New York's small, exquisite museums

Every city has a secret garden. New York has several - those exquisite small museums housed in former homes or privately donated buildings, with precise, unusual collections, meticulously researched and smartly shown. Each of these museums has a special ambiance, a distinctive character, often in keeping with that of the donor.

My favorite is the Frick at 1 East 70th Street, the low, rambling house of white limestone built in the style of an 18th-century French country house. Rooms are decorated with French and English furniture of the same period. It was the home of Henry Clay Frick, who made a fortune in steel and coal.

He collected furniture, sculpture, porcelains, paintings, and books, most of them from the same period. They are displayed in a natural way, like loved objects in a private home, and they must be viewed that way. The Frick is a place to come home to, again and again, to the Vermeers, the Fragonards, the Rembrandts, and perhaps, to the one special painting each of us loves best. Mine is the moody, thoughtful young woman in gray-blue silk by Ingre, ''Comtesse d'Haussonville,'' which hangs in the courtyard hall.

What makes the Frick so special is this interior courtyard with plants and flowers around a long, rectangular pool. Acoustics here are excellent, and one day not long ago I came upon a marvelous brass quintet playing Handel here; concerts are given throughout the year (Tuesday-Saturday, 10-6; Sunday, 1-6; 288 -0700).

The Pierpont Morgan Library, 29 East 36th Street, is another magnificent small building, built originally as a private library in the style of a Renaissance palace. Like the Frick, it is a pleasure just to walk through. Sit down in the interior marble rotunda and look at the colors: green-toned columns, walls veined with mauve, topaz, blue, and violet. There are paintings, sculpture , and gold and enameled objects of the ancient, medieval, and Renaissance periods.

The two original library rooms have high, carved ceilings, wall-size tapestries, rare Oriental rugs, and antique furniture. Rare books gleam behind glass and fretwork panels. Behind them, a secret door leads to an interior chamber. (The guard might show you how it works.)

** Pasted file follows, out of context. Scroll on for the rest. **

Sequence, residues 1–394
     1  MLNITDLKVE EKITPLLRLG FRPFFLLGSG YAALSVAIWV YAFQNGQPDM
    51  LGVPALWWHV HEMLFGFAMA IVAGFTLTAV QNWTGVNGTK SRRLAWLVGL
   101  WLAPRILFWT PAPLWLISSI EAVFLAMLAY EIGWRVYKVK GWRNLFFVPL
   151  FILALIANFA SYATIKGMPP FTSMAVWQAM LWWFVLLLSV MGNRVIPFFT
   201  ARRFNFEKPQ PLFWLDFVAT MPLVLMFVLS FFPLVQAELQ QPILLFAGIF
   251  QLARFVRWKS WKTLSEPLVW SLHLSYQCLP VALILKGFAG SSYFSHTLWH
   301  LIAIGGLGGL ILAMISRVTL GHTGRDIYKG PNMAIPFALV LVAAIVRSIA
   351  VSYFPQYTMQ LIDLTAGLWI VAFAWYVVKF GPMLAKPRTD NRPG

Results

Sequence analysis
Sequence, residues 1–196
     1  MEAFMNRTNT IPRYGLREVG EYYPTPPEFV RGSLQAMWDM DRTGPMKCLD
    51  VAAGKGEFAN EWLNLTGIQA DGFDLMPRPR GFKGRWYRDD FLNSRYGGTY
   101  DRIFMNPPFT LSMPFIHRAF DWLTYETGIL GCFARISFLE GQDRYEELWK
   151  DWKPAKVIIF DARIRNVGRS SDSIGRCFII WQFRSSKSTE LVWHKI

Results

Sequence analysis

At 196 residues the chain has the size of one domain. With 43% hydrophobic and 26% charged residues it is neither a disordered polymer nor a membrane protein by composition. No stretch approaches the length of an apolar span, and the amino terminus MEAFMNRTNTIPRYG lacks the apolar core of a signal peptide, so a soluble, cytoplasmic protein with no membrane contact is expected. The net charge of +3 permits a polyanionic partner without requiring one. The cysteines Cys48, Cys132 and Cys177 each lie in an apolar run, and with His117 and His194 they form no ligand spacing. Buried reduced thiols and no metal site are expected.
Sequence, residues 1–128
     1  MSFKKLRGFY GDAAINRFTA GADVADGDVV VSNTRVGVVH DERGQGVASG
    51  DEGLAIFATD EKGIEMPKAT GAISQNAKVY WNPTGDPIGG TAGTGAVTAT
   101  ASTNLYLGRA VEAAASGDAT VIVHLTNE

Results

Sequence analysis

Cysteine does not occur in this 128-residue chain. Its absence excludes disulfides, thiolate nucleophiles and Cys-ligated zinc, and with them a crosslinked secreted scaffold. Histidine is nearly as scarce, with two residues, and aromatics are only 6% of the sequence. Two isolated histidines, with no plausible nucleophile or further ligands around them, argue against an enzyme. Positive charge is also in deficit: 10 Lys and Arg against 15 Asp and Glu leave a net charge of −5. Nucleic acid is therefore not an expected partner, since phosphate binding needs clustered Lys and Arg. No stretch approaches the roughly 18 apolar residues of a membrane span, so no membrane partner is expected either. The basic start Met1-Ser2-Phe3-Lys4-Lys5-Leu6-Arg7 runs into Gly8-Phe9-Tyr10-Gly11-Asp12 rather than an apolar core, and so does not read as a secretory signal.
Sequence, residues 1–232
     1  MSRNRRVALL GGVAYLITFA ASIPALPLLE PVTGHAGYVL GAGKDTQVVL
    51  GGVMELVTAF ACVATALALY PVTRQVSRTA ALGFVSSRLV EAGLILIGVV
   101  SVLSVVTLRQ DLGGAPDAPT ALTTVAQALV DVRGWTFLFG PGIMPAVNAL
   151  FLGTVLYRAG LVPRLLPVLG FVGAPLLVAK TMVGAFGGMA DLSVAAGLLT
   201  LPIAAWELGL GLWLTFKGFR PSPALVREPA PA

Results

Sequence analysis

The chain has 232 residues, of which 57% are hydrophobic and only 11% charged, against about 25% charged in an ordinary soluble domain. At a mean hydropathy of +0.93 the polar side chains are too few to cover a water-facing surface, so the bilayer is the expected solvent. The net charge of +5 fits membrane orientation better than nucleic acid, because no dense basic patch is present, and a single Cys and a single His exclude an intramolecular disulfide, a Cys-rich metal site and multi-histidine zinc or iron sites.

The Morgan is a research library, but there are regularly changing displays of old books, manuscripts, letters, drawings, and early music (Tuesday-Saturday, 10:30-5; Sunday, 1-5; 685-0008).

The Cooper-Hewitt Museum at 2 East 91st Street is one of 10 museums in what is known as the ''Museum Mile,'' from 82nd Street to 104th Street on the East Side. The house, of solid stone and brick like Georgian homes in England, was built in 1898 with 64 rooms for Andrew Carnegie, his wife and daughter and 19 servants. Heavy oak halls, stairway, and ceilings contrast with delicate architectural details in smaller rooms, and green plants in the conservatory. A lovely large garden is open to the public.

Cooper-Hewitt is part of the Smithsonian Institution, and is the only museum in this country devoted to design. Its imaginative shows are focused on a single enterprise, like the current one on ''Writing and Reading'' (until Jan. 3 ), and one on puppets and puppetry (Dec. 15-Feb. 21). (Tuesday, 10-9; Wednesday-Saturday, 10-5; Sunday, 12-5; 860-6868)

Very different in tone is the small, serene town house at 1083 Fifth Avenue which is now the home of the National Academy of Design, the oldest art gallery and art school in New York City, perhaps in the country, dating back to 1825. The house is narrow, with cool, cream-colored marble walls and stairs, and a bronze statue of Diana poised at the bottom of a circular staircase like an exclamation point.

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